Depending on your situation, one of these may be a more viable thing than another. If you have a smaller house, and a few hundred dollars every few years to pump it isn’t as big a problem as a huge initial purchase, I am comfortable recommending this tank. If you have a large family, I really don’t suggest any tank of this capacity – at least 1000 gallons is necessary in that case.

Norwesco 500-Gal: Check the current price

Poly Septic Tank With Unique Design | Snyder's

Poly Septic Tank With Unique Design: photo

This looks like a landmine, or one of the prototype nuclear bombs from the 1940s, rather than a septic tank. But, strange appearances can be deceiving, and this geodesic design has some merits to it.

Snyder’s is another trusted name in septic technology, and this unique engineering means the single-chamber nature of this tank is less problematic than it once would have been, not unlike the previous two models we talked about.

The compact volume of the tank is intended to take up less room, be easily placed without heavy equipment, and remain structurally sound, even if the soil dramatically shifts or settles.

Features

  • Material: Poly.
  • Capacity: 500 gal.
  • Chambers: 1.
  • Pump Tank: No.
  • System: Standard septic.
  • Manufacturer Warranty: 3 years (limited).

Performance

This tank is the epitome of appearances being deceiving. It looks, at first sight, like this thing wouldn’t work very well. But this spherical design has a lot of merits to it. Any engineer will vouch for arched and spherical shapes being very strong, which means this one overcomes the one big risk of poly, potentially stressing when the tank is full and the soil shifts.

It’s very, very lightweight at under two hundred pounds, meaning at most, you need two reasonably strong people to move this thing into place. It’s very easy to hook up too, making this probably one of the best DIY installation tanks you can buy. It has the potential issues of any single-chamber tank, though, and it’s somewhat low capacity, meaning that you’ll have to empty it more often.

Pros Cons
  • Very affordable, considering the material used.
  • Single-chamber, while potentially problematic in some designs, does make for an easier tank to diagnose if problems occur. It also means that additives are evenly distributed, which in a two-chamber tank, doesn’t always happen. 
  • This tank is intended for DIY installation, which while not discouraged by other tanks, isn’t a goal with most designs. This thing weighs very little, it’s easy to carry, and it’s easy to get it nice and level, without sophisticated equipment to get the job done.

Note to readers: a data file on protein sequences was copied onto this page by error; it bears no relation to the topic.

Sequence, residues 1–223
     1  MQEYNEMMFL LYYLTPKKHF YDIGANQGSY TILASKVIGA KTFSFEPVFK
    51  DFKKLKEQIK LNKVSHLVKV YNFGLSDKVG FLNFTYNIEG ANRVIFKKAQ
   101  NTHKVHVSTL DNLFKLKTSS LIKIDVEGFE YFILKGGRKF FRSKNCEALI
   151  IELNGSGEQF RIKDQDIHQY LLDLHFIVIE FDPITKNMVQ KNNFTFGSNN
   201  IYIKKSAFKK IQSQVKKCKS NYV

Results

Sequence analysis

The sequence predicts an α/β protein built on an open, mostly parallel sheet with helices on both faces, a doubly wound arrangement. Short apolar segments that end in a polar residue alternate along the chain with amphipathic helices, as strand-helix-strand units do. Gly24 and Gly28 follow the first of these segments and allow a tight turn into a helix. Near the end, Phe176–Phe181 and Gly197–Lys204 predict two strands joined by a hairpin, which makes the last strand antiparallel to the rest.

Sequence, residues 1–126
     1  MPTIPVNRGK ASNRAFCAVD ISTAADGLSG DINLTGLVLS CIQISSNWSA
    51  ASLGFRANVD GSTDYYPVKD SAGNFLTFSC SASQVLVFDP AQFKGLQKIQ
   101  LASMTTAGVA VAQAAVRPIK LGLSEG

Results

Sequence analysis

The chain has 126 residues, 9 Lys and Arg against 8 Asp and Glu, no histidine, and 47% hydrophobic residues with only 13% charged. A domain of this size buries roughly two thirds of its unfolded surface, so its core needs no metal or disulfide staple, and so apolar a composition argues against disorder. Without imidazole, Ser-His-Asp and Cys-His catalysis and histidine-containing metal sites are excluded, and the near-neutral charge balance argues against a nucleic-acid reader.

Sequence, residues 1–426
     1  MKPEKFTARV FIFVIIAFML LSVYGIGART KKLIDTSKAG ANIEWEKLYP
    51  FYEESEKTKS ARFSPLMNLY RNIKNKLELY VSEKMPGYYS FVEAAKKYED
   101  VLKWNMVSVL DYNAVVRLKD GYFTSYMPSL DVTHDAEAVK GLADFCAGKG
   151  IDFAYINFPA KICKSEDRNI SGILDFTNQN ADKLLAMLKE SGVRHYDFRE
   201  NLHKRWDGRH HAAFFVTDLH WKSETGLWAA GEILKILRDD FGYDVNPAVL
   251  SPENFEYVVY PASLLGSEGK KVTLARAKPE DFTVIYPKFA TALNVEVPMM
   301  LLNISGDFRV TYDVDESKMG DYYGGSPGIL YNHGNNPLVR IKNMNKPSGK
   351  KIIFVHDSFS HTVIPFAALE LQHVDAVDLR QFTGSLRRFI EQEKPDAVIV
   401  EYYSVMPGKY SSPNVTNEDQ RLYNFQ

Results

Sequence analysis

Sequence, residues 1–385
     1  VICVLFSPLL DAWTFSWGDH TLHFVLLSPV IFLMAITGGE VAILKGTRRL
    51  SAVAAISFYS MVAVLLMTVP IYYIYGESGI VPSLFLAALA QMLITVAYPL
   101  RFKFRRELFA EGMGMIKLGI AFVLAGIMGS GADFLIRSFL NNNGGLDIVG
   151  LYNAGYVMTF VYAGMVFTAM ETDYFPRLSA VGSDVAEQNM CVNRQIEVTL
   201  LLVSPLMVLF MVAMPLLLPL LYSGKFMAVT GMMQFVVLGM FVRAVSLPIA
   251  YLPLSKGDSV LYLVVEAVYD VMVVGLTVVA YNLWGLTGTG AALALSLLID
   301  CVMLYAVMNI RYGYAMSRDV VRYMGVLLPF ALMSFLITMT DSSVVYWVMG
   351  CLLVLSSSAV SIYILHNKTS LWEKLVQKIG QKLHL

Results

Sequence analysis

• Spherical design adds integrity and prevents problems with soil shifting that other tanks may have. This shape also gets more value out of the capacity. 
  • The single cap makes it easy to pump this when the time does come – and no tank can get away with never being pumped. 
  • Cap is very large, easy to hook up to, making this one easier to pump than some others.
  • Single chamber septic tanks can have issues with overwhelming the baffle.
  • Poly, while strong, can’t be fixed if a stress point does occur. 
  • Lower capacity means more frequent pumping. 
  • A three-year warranty is limited with this one, meaning that if problems do arise, you’ll have a bit more of a headache than with some other systems out there.

Conclusion 

I was skeptical of this tank when I first looked into it. It seemed kind of preposterous to me that a spherical design like this was feasible for passive water flow. But, the math does check out on this, and I’ve confirmed it with friends in the engineering field.

You’ll probably get an extra year out of this one’s five hundred-gallon capacity due to the way the volume is used. If you’re aiming to install a septic tank yourself, then this is probably the one to go with, if you don’t mind a reduced capacity.

However, I don’t feel like I could recommend this to large families, or people spending the additional money to have a contractor install a tank. These smaller-capacity, easily-handled tanks are at their best value when saving you trouble in a DIY project.